15 October 2010

150 (58-60)

58.  I'll be honest with you.  This number gives me the willies.  It has significance.  This was Dad's age when the heart gave in, when the soul was extinguished, when he lay on the floor of his apartment, alone, waiting for one last breath of life he had long before expelled.  I've often wondered about those last moments--were they filled with regret and rage, the twin towers of righteousness?  Or was he like a broken-winged bird, a large fish washed ashore, panicked and gentle, lost in labored breathing?  What words were in darkening mind?  Were they "I can't fucking believe this!" or was it "I'm sorry.  I love you."  We'll never know.  By the time they got there, Elvis had left the building.  (That was for you, Pop. I know how much Elvis and Nixon bothered you.)

Fifty-eight.  This psalm is a wall for me to pass through.  On the other side is life.  This is my valley.  Here is my shadow of death.  Fifty-eight.  Fifty-eight.  Fifty-eight.  I know alot of men who live normal lives but their number rings in their head:  the number Dad was when he died.  Because a son is to exceed his father.  Amen.   Selah. 

David's heroism in part comes from his singular ability to weigh the Jewish male anger on metaphoric scales of his poetic imagination.  He'll have you laughing in disbelief at the corruption and the wild reaches of his own heart and soul stretch your own into relief.  There is comfort in the ugly picture he paints.  It takes a special person to do that.  Wickedness astray from the womb.  Like the deaf asp that stoppeth the ear.  The most cunning binder of spells.  Break their teeth O God in their mouth.  Let them melt away as water that runneth apace.  Let them be a snail.  Miscarried babies.  He will sweep it away with a whirlwind, the raw and the burning alike.  This is a torrent of language so outlandish you can't help but survive.  In its broad strokes of genius it both releases and contains.  "The righteous shall rejoice when he seeth the vengeance; he shall wash his feet in blood of the wicked.  And men shall say:  'Verily there is a reward for the righteous; verily there is a God that judgeth in the earth.'  Verily.  So I needn't be consumed, to the death, by judging.  God's love eased my burden that day.  Fifty-eight, fifty-eight, fifty-eight.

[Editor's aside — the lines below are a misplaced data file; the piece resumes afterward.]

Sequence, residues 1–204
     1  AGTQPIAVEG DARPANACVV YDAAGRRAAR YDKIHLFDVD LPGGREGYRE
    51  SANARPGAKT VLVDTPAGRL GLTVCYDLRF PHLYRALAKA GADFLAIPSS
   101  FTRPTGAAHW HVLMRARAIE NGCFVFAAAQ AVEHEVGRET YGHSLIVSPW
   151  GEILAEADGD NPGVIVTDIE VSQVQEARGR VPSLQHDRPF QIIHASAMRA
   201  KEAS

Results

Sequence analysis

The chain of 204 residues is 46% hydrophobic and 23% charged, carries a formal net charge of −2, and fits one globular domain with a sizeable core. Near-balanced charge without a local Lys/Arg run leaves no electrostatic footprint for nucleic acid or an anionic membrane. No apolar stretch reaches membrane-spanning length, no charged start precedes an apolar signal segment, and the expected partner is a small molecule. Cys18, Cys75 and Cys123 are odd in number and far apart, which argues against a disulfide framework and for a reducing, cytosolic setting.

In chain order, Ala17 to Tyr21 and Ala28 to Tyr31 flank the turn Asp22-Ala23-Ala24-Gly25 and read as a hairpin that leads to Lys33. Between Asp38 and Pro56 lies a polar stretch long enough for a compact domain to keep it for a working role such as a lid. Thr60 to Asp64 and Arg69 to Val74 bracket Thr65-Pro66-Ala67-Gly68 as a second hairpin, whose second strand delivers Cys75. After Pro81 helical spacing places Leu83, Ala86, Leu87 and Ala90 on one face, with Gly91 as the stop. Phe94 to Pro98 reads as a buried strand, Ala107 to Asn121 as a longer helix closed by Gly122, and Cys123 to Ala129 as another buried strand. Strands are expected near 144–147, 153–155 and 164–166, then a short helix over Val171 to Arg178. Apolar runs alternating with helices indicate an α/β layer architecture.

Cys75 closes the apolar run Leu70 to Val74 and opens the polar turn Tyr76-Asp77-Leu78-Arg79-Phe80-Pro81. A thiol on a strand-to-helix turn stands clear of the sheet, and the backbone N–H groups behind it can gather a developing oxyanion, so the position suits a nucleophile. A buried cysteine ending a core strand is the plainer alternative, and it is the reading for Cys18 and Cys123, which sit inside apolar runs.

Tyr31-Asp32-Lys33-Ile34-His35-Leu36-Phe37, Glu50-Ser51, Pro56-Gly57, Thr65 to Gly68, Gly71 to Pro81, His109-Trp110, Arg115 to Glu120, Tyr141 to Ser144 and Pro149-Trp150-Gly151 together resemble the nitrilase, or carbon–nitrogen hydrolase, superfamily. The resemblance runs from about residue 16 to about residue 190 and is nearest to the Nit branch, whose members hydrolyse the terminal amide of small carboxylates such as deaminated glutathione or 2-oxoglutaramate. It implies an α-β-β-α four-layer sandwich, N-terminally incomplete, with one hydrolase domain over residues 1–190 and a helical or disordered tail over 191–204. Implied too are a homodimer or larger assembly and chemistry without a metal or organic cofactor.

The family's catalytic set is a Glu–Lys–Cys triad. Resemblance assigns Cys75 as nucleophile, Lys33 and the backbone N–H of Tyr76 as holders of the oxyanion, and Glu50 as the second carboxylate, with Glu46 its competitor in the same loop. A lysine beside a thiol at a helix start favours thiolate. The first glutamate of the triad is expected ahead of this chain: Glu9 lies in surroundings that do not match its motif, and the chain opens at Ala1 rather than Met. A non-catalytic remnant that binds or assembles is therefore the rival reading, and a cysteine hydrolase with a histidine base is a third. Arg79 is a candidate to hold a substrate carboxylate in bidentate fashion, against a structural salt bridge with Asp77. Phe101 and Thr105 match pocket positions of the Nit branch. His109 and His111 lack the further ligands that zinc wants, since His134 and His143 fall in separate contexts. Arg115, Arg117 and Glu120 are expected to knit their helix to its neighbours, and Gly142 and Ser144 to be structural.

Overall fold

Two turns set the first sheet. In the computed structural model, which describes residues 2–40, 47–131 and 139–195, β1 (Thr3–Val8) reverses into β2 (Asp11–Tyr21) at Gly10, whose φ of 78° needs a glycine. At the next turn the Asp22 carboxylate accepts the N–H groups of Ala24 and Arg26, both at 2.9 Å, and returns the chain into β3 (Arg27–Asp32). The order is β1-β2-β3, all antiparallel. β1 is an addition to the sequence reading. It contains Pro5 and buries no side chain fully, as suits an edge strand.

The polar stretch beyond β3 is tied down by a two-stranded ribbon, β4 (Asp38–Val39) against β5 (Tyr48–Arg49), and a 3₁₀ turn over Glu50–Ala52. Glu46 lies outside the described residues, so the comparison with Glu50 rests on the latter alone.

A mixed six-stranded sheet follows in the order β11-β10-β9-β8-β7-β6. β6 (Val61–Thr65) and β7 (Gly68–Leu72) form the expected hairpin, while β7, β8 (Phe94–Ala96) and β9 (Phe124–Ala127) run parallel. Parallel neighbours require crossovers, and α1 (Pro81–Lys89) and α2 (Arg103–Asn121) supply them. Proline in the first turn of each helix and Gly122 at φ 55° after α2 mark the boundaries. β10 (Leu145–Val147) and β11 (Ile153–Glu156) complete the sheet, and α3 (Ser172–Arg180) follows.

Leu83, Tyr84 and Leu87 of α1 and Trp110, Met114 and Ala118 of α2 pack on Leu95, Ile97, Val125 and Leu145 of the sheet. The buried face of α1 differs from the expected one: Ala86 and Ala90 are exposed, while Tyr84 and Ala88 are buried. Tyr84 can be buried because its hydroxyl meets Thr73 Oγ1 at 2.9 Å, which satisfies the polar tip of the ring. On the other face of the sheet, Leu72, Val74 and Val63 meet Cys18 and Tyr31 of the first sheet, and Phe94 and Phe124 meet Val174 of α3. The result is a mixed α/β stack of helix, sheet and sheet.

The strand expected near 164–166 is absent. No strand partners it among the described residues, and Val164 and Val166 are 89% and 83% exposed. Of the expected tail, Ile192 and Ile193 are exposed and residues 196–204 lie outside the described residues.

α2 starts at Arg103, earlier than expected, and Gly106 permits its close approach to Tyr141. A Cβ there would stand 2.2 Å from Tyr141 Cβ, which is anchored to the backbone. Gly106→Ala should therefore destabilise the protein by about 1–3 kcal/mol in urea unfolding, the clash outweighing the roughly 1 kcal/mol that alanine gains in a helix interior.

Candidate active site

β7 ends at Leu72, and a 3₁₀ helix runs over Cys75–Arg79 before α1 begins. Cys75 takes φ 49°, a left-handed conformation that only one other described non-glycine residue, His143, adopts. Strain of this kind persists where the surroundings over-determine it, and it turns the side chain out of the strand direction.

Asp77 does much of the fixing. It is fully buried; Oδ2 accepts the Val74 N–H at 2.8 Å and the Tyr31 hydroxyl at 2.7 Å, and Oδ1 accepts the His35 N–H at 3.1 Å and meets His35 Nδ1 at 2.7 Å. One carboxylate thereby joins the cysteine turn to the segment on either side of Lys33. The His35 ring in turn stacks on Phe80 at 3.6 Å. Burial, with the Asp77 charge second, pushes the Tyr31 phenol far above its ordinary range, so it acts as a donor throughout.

59.  Dogs.  Devouring dogs.  What dreadful devouring dogs these must have been!  Pursued into the darkness of night by devouring dogs!  Those traitors:  "They return at evening, they howl like a dog.  And go round about the city.  Behold they belch out with their mouth; swords are in their lips: 'For who doth hear!'"  Dog breath!  But God (dog backwards, duh, ha, ha, ha!) laughs:  "Thou shalt have all the nations in derision."

Bucky Cantor--good name for a dog--speaks words of derision in Roth's Nemesis.  Witnessing the burial of a child during a polio outbreak, the outrageous absence of God in such lost innocence is too much for the novel's tragic hero to bear.  "Better by far to honor in prayer one's tangible daily encounter with that ubiquitous eye of gold isolated in the blue body of the sky and its immanent power to incinerate the earth--than to swallow the official lie that God is good and truckle before a cold-blooded murderer of children."  By the end, isolated, crippled, and alone, Bucky's truth is revealed as its own self-destructive lie. 

"But there's nobody less salvageable than a ruined good boy."  This is the book's greatest line.  I know this in my heart, because my devouring dog is now sleeping next to me, far from ruined.  This week he ate three cockroach traps and one container of mouse poison.  He's on a steady diet of Vitamin K for the next three weeks.  Saved by a caring mother, who took him to the doctor in a rain storm, nurturing him with love. 

60.  In the morning, when I get to Shul, I go upstairs to the kitchen to get a cup of coffee.  Usually a couple of folks are in there.  One of our loyal and dedicated maintenance staff; a teacher; maybe a parent putting a child's lunchbox in the refrigerator.  A nanny (often West Indian) warming up in the microwave a morning meal.  Light streams in the window, the oven warms the room, and there is a kind of weighted anticipation of the day.  I often think, "We should be feeding people out of this kitchen.  Do a quick renovation and partner with a City Meals on Wheels program, get ourselves one of those cool vans (Hybrid, of course), a slick logo, and get on out there, feed the hungry! 

"Who will bring me into the fortified city?  Who will lead me unto Edom?  Hast not Thou, O God, cast us off?  And Thou goest not forth, O God, with our hosts.  Give us help against the adversary; for vain is the help of man.  Through God we shall do valiantly; for He it is that will tread down our adversaries."

Adversaries like hunger.

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